down...again down...again

Summary: I have been getting reports today from customers about ongoing outages.


I have been getting reports today from customers about ongoing outages. One customer told me that they haven't had a full week since early January without some disruption of service, ranging from not being able to search and delays in sending email to system outages.


Another customer told me that search was unavailable today from about 8:30 AM to 9:20 AM PST and the Web interface was down from around 10:30 AM to 12:20 PM PST. At the time of this posting, around 2:45 PM PST, a customer said they were getting some server busy responses.

I heard from Bruce Francis, vice president of corporate strategy at, via email around 1:20 PM PST, who said the outage today lasted about 81 minutes.

"At 10:54 am Pacific Time, a primary hardware server in our cluster failed, and one of our North American (NA1) servers did not automatically recover.  This required a manual restart of the NA1 database which completed at 12:15 pm Pacific Time.  All systems are now operational and we apologize for any inconvenience this may have caused."

The new system status page, which provides customers with real time updates on system performance, promised after an earlier outage in December 2005 is being made available to customers this afternoon as well on Monday, Francis also said.

Here is a note sent to customers this morning from co-founder Parker Harris:

To our customers:

On Monday morning Pacific Time January 30, some of our customers experienced intermittent service availability which was caused by a problem in our database cluster.  This issue required to restart each database instance in the cluster, resulting in a pause in service.  Some customers also experienced a much longer delay in API access during this same time period.  API access was limited in an effort to restore the overall performance of the system.

We very much regret any inconvenience that this may have caused you this week. We believe we have identified the root cause behind the recent availability and performance issues and have updated the service to help avoid a recurrence.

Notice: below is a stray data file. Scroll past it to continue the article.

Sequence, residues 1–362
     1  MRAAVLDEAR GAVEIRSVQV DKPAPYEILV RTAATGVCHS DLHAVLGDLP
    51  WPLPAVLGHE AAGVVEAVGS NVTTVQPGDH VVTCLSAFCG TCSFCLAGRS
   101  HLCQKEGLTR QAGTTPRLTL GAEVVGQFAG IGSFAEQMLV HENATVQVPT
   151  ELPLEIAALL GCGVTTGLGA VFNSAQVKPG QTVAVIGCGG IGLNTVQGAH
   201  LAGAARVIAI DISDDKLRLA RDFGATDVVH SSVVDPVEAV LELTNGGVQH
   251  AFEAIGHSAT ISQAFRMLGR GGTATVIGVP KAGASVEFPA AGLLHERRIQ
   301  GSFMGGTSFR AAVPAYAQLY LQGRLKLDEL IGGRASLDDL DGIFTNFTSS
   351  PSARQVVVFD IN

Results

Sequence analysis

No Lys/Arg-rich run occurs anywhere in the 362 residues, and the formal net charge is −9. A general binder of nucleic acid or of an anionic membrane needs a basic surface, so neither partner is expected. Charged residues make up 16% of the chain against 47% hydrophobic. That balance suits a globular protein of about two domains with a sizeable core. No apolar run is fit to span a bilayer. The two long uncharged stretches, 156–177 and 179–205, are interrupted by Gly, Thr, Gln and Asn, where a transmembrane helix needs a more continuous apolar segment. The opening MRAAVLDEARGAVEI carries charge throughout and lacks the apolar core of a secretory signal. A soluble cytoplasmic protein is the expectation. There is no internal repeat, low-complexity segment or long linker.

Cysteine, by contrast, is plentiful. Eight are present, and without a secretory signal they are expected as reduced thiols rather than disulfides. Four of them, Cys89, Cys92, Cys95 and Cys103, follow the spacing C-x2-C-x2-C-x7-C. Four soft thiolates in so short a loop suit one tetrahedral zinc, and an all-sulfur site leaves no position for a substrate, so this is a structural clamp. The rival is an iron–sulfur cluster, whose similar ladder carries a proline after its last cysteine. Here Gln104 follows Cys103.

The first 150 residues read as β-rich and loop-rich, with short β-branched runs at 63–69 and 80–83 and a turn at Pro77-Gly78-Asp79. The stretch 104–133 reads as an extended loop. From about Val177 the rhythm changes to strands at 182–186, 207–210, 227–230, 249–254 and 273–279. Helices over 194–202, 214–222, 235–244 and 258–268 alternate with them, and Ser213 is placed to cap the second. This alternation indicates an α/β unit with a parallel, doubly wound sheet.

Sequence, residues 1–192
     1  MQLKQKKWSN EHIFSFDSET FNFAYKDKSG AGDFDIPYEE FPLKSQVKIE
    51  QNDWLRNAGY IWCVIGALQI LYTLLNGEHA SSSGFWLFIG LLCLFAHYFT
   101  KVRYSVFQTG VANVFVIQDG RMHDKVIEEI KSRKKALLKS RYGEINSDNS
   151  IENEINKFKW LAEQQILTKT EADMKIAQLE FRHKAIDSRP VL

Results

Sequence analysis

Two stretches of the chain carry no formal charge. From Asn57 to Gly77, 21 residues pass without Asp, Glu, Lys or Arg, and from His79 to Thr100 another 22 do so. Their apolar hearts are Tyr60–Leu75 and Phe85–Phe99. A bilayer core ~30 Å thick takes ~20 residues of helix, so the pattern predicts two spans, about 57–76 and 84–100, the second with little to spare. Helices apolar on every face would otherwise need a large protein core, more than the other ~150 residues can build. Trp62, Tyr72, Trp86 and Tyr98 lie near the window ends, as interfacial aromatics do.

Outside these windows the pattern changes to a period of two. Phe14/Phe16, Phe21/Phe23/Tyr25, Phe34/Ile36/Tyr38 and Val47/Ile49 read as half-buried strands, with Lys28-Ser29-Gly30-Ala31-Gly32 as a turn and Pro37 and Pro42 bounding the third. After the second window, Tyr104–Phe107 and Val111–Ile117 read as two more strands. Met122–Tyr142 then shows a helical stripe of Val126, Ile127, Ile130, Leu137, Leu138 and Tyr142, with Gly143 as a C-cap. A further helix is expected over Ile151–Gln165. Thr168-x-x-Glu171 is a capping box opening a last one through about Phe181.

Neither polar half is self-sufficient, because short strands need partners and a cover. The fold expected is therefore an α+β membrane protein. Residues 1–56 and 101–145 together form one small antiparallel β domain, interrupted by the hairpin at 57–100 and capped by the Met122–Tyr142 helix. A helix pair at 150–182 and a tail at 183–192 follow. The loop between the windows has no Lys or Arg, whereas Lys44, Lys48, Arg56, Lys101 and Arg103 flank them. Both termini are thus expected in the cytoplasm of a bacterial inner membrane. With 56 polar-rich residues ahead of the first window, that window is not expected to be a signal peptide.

We have been through a lot of change recently, with the new datacenters as part of our Mirrorforce initiative and new software with Winter ’06. While the service is more functional and running faster than at any time in our history, we realize that we need to do more. We have therefore architected both a 30- and 120-day plan for changes in the service to significantly improve availability.  These activities largely include upgrades to software components and installing additional hardware.  This will be our prime focus organizationally as we put these plans into effect. Indeed, we are already executing: this week alone, we have increased our database processing capacity by 50%.  While this additional capacity is unnecessary for normal operation of the service, we believe it will help under certain extreme conditions like losing a database instance under peak load.

We will be keeping you informed of the updates to our systems through a series of communications over the next few weeks and months.  We look forward to sharing more details of our plans as they are implemented.

Nothing is more important to us than your trust as a customer and we are working harder than ever to earn your trust every day.


Parker Harris
Co-founder and EVP, Technology 

The disclosure from Bruce Francis--which doesn't exactly agree with reports I received from customers--is a good change of pace from the previous outage on January 30, when the company wasn't forthcoming with details other than to say it was minor and lasted 30 minutes, which wasn't the case for customers who had intermittent access and couldn't access the API for hours. A bit of Clintonese, I suspect, in how "minor" (sex in Clinton's case) was defined by CEO Marc Benioff.

benioff2001.jpgThe "force" is still with Benioff and his friend Yoda, but customers will only tolerate so much inconvenience and business disruption. One of the good traits of software as a service (SaaS) is the switching costs are generally low--take your data and go somewhere else. There are plenty of SaaS CRM options. isn't alone in suffering scaling pains as it grows--it goes with SaaS territory. Those that have more consistent performance and reliability will be the winners...